These are the two specific scenarios where I saw the problem in case you are interested.

Scenario #1

This scenario failed whether or not a project was open.

  1. Open the Server Explorer window in Visual Studio
  2. Right-click on Windows Azure Storage, choose “Add New Storage Account…“, and the error dialog appears:
    “The certificate for the given thumbprint could not be loaded from the Current User/Personal certificate store. Please install the certificate.”
  3. This message is extra confusing since I don’t think there ought to be any certificates involved here. And no project/solution is open.

Scenario #2.

This scenario requires an open Azure project.

  1. Open the UI tool for editing Azure configuration by opening your Cloud Project in Solution Explorer, drilling into Roles, and double-clicking on a Web Role or Worker Role project. The Role configuration editor window opens in Visual Studio.
  2. Choose Settings, then Add Setting (which creates Setting1 of Type=String), change Setting1‘s Type to Connection String, and the click the “…” button at far right (to pop up the connection string edit window), and an error dialog appears:
    “The certificate for the given thumbprint could not be loaded from the Current User/Personal certificate store. Please install the certificate.”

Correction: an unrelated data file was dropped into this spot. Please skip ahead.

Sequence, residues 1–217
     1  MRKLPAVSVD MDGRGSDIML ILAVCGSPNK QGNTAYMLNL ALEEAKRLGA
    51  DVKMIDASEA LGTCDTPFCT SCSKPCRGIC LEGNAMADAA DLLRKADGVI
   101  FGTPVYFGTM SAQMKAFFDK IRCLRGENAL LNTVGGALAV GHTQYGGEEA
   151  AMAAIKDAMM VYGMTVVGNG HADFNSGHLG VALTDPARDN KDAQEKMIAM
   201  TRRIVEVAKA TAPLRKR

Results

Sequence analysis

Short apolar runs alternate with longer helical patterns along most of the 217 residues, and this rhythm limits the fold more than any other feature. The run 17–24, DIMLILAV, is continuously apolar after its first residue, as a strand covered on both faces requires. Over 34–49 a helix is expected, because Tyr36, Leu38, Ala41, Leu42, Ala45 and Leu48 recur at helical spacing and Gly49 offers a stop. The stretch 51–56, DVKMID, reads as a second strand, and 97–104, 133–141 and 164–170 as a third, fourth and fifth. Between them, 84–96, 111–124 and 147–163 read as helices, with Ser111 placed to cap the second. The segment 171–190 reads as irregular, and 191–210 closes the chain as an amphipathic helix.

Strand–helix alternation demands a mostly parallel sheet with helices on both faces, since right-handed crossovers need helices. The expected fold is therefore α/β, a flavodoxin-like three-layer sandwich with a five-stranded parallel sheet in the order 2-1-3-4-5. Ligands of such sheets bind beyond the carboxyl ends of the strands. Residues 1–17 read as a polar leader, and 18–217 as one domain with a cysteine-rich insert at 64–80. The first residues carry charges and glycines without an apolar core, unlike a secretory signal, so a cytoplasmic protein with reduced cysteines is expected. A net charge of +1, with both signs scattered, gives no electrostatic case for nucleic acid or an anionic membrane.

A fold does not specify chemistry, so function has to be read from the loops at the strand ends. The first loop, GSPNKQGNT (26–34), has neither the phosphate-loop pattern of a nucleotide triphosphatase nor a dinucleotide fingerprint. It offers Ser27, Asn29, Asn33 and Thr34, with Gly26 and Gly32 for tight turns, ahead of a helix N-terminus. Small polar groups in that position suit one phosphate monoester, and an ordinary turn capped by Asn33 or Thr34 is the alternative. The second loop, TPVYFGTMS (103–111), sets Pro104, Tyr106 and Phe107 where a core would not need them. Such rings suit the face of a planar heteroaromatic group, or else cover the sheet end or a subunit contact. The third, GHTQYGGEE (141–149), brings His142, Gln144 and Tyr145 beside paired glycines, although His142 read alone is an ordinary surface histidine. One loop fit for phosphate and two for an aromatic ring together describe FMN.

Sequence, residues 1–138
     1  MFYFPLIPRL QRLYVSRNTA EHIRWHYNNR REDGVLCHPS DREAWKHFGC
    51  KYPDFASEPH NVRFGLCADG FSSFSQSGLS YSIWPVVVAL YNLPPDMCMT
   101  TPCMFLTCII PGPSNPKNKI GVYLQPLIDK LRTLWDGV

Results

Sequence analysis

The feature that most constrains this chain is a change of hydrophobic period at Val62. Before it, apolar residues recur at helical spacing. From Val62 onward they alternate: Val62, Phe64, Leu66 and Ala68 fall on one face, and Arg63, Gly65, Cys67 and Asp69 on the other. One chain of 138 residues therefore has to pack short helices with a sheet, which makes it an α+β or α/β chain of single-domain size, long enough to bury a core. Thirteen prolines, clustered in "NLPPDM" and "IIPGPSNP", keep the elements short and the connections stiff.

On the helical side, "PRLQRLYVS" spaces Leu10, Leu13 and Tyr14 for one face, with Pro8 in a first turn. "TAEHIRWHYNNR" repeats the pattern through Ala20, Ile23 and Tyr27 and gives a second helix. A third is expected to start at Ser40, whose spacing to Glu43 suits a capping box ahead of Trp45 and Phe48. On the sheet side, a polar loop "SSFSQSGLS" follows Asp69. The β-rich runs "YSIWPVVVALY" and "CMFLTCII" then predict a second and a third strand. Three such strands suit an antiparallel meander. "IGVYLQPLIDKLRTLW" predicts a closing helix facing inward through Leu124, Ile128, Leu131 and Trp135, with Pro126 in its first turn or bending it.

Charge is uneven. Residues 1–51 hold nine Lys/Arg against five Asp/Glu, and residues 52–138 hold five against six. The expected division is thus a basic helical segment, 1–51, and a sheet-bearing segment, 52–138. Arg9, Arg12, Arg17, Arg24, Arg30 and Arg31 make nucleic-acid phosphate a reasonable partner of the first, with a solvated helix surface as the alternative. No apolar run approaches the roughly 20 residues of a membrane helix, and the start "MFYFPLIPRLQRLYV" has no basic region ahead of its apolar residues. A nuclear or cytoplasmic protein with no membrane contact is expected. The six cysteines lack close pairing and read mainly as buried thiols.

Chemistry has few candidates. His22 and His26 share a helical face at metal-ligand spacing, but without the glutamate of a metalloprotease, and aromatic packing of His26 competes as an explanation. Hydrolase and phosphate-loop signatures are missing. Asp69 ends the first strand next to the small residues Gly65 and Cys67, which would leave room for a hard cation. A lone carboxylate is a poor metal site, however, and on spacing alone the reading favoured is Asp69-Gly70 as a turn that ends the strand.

Here are the screen shots for the two error dialogs (slightly different).

image

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Cure for “NO INSTALLATION MEDIA” Error when Zune Installer Can’t Find the Media for Installation Package

How I got around Zune’s “NO INSTALLATION MEDIA” and “Can’t Find the Media for Installation Package” error

 I recently reinstalled Windows 7 on one of my computers and in rebuilding my development tool set, including for Windows Phone, and found I could not run a Windows Phone 7 project locally: Visual Studio complained I did not have the Zune software installed. Okay, not a problem; I will install Zune. But not so fast…

I encountered the following mysterious error while trying to install the Zune software to my Windows 7 desktop.

What does this Zune error message mean?

 
Looking at the text of the message did not help me or yield obvious clues:

NO INSTALLATION MEDIA

Can’t find the media for installation package ‘Windows Media Format SDK’. It might be incomplete or corrupt.

Error code: 0x80070002

Searching around the internets did not help, though I saw a reference to do a few things, one of which was to install the latest Windows Media Player. Well… it turns out, I had NO version of the Windows Media Player installed, so I simply installed the latest, and the Zune installer was happy…

One more step

But Visual Studio 2010 was NOT yet willing to allow me to run the Windows Phone 7 emulator to test and debug my Windows Phone applications. I saw the following additional (but improved!) errors from Visual Studio.

First, could not deploy. Nothing new here:

But the reason provided looked more promising:

This is a better known error, easily rectified. Simply switch to the emulator if your project is referencing an attached device, done at the top of Visual Studio as shown here:

Okay… now back to Windows Phone 7 development – of course, with a Windows Azure back-end using the Windows Azure Toolkit for Windows Phone 7.